Topographies of Fascism

Topographies of Fascism: Habitus, Space, and Writing in Twentieth-Century Spain

NIL SANTIÁÑEZ
Series: Toronto Iberic
Copyright Date: 2013
Pages: 432
https://www.jstor.org/stable/10.3138/j.ctt5hjtkx
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  • Book Info
    Topographies of Fascism
    Book Description:

    Topographies of Fascismoffers the first comprehensive exploration of how Spanish fascist writing - essays, speeches, articles, propaganda materials, poems, novels, and memoirs - represented and created space from the early 1920s until the late 1950s.

    eISBN: 978-1-4426-6365-7
    Subjects: Language & Literature

Table of Contents

  1. Front Matter
    (pp. i-vi)
  2. Table of Contents
    (pp. vii-viii)
  3. Illustrations
    (pp. ix-x)
  4. Acknowledgments
    (pp. xi-xiv)
  5. Note on Translations and Quoted Material
    (pp. xv-2)
  6. Introduction
    (pp. 3-19)

    Before the passage of the Law of Historical Memory in the Spanish parliament on 31 October 2007, there still remained more than four hundred Francoist and fascist objects, such as busts, statues, inscriptions, the Falangist yoke and arrows, along with commemorative plaques in military installations, bases, and barracks across Spain.¹ Complying with one of the provisions of the law (Article 15.1), namely the elimination of Francoist symbols from public buildings and spaces, the Ministry of Defence instructed the armed forces to remove all residual objects of the dictatorship. Even though about 80% of those objects already had been taken away...

  7. Chapter One A Politics of Space
    (pp. 20-61)

    A radical transformation of the social entails an equally radical modification of the material spatial practices, the representations of space, and the spaces of representation that delimit, structure, and perform the territory in which the revolution has taken place. The passage from one mode of production to another, a coup d’état that replaces polities, even the appearance of certain means of communication (e.g., the Internet) dramatically alter the perceived, conceived, and lived space. In the context that concerns us here, any political project that aims at modifying the social in its entirety – and fascism was one of them –...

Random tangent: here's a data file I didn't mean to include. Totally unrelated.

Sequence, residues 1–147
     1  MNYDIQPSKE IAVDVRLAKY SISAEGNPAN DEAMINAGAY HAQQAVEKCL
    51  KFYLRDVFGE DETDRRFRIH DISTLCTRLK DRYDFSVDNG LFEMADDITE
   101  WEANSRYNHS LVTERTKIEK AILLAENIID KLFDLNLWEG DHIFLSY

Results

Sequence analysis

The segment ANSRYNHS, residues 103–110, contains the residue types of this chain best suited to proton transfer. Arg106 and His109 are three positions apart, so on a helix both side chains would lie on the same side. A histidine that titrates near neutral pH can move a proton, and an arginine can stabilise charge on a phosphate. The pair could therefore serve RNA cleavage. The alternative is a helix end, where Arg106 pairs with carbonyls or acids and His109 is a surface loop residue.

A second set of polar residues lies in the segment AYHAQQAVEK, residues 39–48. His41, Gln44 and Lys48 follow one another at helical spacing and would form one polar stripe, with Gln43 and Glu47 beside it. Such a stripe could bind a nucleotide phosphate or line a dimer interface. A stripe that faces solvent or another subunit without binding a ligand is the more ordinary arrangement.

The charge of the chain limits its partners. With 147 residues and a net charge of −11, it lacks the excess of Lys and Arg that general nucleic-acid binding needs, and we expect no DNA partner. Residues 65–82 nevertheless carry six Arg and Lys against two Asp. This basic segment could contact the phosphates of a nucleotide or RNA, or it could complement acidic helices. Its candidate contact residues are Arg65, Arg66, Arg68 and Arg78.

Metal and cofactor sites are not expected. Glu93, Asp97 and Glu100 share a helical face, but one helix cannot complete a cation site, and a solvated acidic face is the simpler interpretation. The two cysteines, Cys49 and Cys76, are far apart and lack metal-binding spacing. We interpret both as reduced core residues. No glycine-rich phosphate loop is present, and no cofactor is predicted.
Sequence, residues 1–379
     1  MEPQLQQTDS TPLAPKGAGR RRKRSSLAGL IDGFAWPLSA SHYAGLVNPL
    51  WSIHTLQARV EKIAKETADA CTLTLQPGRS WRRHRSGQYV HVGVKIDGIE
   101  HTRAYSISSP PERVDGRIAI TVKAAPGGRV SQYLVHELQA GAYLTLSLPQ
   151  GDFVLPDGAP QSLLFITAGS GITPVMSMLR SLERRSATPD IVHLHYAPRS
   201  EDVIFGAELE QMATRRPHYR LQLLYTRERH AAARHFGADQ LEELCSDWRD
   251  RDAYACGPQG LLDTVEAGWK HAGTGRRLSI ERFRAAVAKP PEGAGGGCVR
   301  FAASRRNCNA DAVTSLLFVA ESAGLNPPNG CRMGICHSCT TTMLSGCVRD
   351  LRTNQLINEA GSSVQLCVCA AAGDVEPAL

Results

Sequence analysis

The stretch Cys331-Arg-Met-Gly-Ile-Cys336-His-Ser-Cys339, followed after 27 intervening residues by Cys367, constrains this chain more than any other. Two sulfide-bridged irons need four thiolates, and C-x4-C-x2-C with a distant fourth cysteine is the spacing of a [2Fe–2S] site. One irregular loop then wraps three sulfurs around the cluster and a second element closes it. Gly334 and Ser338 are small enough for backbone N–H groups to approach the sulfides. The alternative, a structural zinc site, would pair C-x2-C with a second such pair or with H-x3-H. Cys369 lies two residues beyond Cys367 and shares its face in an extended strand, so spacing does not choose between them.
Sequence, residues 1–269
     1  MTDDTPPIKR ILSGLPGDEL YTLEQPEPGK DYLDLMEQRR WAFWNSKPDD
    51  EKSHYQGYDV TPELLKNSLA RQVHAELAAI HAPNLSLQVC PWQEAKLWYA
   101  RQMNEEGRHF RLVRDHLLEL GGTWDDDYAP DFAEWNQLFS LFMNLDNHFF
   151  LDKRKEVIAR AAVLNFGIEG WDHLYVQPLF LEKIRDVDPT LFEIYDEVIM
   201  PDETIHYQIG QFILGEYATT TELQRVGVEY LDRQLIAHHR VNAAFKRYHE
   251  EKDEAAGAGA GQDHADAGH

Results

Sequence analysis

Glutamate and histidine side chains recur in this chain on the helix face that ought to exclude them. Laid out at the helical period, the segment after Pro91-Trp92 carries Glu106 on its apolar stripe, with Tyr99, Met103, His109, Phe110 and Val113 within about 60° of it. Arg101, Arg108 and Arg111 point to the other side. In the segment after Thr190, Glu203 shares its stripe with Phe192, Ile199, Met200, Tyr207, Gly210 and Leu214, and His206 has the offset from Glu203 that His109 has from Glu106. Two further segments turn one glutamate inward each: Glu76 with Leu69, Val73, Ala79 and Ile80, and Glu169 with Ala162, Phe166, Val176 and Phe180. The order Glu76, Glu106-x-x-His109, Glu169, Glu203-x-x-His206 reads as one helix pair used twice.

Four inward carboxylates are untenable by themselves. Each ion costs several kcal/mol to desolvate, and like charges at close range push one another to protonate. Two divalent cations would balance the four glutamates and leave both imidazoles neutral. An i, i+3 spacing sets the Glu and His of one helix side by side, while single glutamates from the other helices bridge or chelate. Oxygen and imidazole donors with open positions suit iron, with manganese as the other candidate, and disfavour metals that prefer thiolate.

8. Chapter Two Morocco: The Forging of a Habitus
    (pp. 62-116)

    In his prologue to the 1956 edition of Francisco Franco’sMarruecos: Diario de una Bandera(1922), Manuel Aznar Zubigaray narrates a recent trip to Morocco with a touch of nostalgia. A fascist journalist and the author of the massive three-volumeHistoria militar de la guerra de España(1964; 1st ed. 1940), Aznar writes that a few months earlier “I peregrinated, again, in Morocco. Interesting and moving experience, that of contemplating once more … the landscapes where our youth got excited” (16–17). To Aznar, that “pilgrimage” meant returning to a place where some seeds of the Franco regime had been...

  9. Chapter Three Spatial Myths
    (pp. 117-180)

    Six months after his return from Morocco, Rafael Sánchez Mazas set off for Italy as the foreign correspondent forABCin Rome. His career as journalist seemed to be on the right track. To work forABC, a prestigious conservative newspaper with one of the highest circulations in Spain, represented a conspicuous recognition of his literary talent, while the assignment enhanced the young writer’s visibility within the Spanish literary field. Perhaps more decisively, it put him in close contact with events, ideas, people, and places that greatly contributed to the ripening of his ideology. Appointed cultural attaché to the Spanish...

  10. Chapter Four The City
    (pp. 181-245)

    More than any other social habitat, the modern city is the locus where antagonisms and hegemonic formations find a broad, complex, non-linguistic field of action. In the cities, the dynamism of life, the coexistence and overlapping of habitus, the provisional nature of the spatial grammar, and the instability of the subject’s political alliances visualize, as it were, the defining unfixity and openness of the social. As outcomes and determinants of human action, urban centres make up and articulate social relations in a manner one may callmeta-urban, for the city puts itself on display. Although hidden powers, anonymous dramas, latent...

  11. Chapter Five Russia: Spectres and Paratopos
    (pp. 246-310)

    Of all the myths created by Spanish fascists to narrate Spain’s military involvement in the Second World War, there is one of particular interest, considering our previous discussion on the technologies of tropological striation and the fascist habitus. I am referring to the spatial myth according to which the División Española de Voluntarios was sent to the Soviet Union to return the “courtesy call” paid by the Russians to Spain in 1936–9.¹ The Russians had gone to Spain – so the myth goes – to help the “Reds” impose a communist regime in Spain, committing countless crimes in the...

  12. Notes
    (pp. 311-352)
  13. Works Cited
    (pp. 353-388)
  14. Index
    (pp. 389-411)